Blink-182's Mark Hoppus' Cancer Diagnosis Explained

Blink-182 bassist and singer Mark Hoppus revealed on social media that he is receiving chemotherapy treatment for cancer. While he did not say what type of cancer he has, the 49-year-old said that he had been undergoing chemotherapy for the past three months and still had months of treatment left. He admitted that he is scared, but is trying to stay hopeful and positive under the care of his doctors, family, and friends (via CNN).

According to the CDC, cancer is the second leading cause of death in the United States, but cancer screenings and improved treatments are making it more likely that a cancer diagnosis is survivable (via CDC). Chemotherapy is commonly used to treat many types of cancer. Specific combinations of drugs are tailored to each person to help kill cancer cells (via National Cancer Institute). It can be used for treatment to stop or slow the growth of cancer cells, or to shrink tumors in order to ease the symptoms of cancer. In combination with other treatments, chemotherapy can shrink tumors before radiation or surgery. Chemotherapy may also work to kill any remaining cancer cells after radiation or surgery is complete.

Bandmates wish him a quick recovery

It's unclear whether Hoppus' treatment is in combination with radiation or if he's already had surgery, but his post suggests that he expects treatment to be ongoing for a while. Hoppus' darkly humorous Instagram story showed him in a chair receiving his chemotherapy treatment through an IV, and a caption that read, "Yes hello. Once cancer treatment, please" (via CNN). IV administration is one of several ways, including oral and topical, that chemotherapy drugs can be delivered to a person with cancer (via Medicine Net).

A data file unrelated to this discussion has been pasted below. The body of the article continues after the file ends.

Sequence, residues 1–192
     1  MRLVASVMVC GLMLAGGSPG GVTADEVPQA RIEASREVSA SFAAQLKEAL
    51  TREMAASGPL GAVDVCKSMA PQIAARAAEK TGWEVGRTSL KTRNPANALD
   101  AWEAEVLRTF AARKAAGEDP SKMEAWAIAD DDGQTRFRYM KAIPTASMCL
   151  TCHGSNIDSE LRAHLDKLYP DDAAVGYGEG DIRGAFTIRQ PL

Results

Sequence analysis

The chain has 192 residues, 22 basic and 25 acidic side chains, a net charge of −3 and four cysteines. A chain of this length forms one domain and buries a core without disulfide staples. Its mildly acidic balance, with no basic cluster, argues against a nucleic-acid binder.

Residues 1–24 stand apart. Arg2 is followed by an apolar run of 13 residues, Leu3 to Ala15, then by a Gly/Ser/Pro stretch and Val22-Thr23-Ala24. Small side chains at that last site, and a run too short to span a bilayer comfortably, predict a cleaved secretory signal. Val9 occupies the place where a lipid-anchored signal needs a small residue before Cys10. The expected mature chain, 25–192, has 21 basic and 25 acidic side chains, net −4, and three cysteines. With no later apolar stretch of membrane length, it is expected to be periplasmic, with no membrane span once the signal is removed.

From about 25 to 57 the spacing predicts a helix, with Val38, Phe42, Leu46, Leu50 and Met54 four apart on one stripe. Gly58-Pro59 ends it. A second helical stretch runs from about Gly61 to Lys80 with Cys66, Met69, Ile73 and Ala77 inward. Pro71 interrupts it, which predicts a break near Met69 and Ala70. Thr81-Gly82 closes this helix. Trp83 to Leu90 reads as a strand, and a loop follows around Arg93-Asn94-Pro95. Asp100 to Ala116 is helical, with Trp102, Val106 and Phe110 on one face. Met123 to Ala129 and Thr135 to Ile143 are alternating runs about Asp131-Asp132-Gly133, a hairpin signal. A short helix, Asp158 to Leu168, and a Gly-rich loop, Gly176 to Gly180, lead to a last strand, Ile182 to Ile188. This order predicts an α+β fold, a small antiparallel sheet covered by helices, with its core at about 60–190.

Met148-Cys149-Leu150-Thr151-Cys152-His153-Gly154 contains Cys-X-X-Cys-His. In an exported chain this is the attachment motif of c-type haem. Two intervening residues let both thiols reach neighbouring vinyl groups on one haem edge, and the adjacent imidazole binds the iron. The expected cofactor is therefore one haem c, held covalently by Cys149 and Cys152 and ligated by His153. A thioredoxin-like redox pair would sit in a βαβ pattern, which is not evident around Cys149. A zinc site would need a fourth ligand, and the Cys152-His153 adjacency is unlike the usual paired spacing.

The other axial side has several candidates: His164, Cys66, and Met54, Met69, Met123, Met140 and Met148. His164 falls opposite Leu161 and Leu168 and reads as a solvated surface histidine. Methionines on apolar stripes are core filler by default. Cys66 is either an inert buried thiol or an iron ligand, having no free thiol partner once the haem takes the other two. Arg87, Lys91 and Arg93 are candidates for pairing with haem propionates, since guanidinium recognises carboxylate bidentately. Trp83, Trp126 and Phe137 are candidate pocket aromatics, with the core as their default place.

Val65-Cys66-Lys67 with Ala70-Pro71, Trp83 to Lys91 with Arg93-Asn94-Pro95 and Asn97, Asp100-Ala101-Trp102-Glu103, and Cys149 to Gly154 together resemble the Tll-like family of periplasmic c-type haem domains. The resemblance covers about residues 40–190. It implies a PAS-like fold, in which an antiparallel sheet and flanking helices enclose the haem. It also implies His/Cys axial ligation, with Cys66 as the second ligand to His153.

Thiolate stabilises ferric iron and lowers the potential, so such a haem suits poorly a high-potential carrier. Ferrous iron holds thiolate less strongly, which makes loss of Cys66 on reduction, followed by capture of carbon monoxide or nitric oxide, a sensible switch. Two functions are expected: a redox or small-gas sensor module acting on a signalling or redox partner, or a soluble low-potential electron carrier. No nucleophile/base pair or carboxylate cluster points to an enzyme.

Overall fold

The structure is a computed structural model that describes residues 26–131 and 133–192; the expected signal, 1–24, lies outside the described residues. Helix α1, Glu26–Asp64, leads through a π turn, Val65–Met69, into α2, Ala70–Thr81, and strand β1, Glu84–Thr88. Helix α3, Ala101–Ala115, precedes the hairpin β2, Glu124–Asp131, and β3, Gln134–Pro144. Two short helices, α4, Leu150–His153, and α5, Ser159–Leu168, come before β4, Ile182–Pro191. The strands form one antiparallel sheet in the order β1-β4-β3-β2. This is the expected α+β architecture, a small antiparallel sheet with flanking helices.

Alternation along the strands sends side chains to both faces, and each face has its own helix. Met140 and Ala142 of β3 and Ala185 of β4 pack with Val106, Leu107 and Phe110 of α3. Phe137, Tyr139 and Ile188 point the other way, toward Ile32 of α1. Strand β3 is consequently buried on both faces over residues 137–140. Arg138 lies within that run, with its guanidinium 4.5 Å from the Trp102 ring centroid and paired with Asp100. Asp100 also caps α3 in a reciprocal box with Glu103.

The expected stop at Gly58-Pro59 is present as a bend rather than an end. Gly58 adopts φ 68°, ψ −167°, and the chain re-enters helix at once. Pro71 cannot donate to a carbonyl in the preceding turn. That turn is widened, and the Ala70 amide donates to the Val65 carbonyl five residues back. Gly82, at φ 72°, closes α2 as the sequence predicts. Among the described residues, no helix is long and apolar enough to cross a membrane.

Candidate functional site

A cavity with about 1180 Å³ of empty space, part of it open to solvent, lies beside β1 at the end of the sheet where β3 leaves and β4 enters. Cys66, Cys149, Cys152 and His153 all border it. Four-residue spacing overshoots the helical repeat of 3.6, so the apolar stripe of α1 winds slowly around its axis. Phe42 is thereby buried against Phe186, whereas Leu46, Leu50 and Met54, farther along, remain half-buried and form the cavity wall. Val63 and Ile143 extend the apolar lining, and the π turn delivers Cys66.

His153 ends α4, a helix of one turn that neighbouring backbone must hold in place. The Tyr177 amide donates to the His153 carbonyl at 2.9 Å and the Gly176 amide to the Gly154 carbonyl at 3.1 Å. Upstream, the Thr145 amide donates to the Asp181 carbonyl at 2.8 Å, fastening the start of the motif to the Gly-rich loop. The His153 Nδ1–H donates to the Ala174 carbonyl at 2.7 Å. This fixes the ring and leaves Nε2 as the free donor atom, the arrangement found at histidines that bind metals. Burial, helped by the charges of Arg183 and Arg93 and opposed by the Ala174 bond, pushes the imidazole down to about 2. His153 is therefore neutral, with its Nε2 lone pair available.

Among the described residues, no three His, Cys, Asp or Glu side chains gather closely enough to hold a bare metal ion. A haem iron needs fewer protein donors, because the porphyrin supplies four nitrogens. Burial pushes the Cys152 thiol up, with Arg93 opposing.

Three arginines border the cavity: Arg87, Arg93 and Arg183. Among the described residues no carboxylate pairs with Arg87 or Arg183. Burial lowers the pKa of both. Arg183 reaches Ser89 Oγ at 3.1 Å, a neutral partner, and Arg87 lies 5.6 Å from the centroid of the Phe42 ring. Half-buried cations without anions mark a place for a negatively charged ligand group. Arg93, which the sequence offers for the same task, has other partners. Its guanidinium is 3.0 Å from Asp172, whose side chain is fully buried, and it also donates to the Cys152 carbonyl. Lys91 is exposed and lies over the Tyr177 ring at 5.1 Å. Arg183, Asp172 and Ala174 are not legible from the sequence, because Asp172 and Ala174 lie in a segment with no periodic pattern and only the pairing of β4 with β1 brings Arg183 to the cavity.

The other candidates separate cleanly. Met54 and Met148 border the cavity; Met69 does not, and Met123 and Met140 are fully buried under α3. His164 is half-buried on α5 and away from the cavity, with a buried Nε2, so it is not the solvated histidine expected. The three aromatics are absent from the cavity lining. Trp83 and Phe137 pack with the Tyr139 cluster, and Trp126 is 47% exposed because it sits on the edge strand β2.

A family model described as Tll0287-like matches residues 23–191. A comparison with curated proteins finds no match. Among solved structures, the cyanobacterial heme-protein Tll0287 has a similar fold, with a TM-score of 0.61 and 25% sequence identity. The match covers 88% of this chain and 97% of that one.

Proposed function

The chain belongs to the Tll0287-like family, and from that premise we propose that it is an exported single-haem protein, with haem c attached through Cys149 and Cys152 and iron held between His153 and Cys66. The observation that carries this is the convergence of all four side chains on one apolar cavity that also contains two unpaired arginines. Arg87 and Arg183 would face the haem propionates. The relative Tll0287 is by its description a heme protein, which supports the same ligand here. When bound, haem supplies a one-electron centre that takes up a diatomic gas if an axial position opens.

While the musician's prognosis isn't clear, his current and former bandmates are rallying behind him and wishing him a quick recovery. Blink-182 co-founder Tom DeLonge called him a "super human" and added #WeHaveHisBack to his social media posts in response to Hoppus' announcement. Current bandmate Travis Barker, whose own near-fatal plane crash left him with a new appreciation for life, pledged to "be with him every step of the way on stage and off."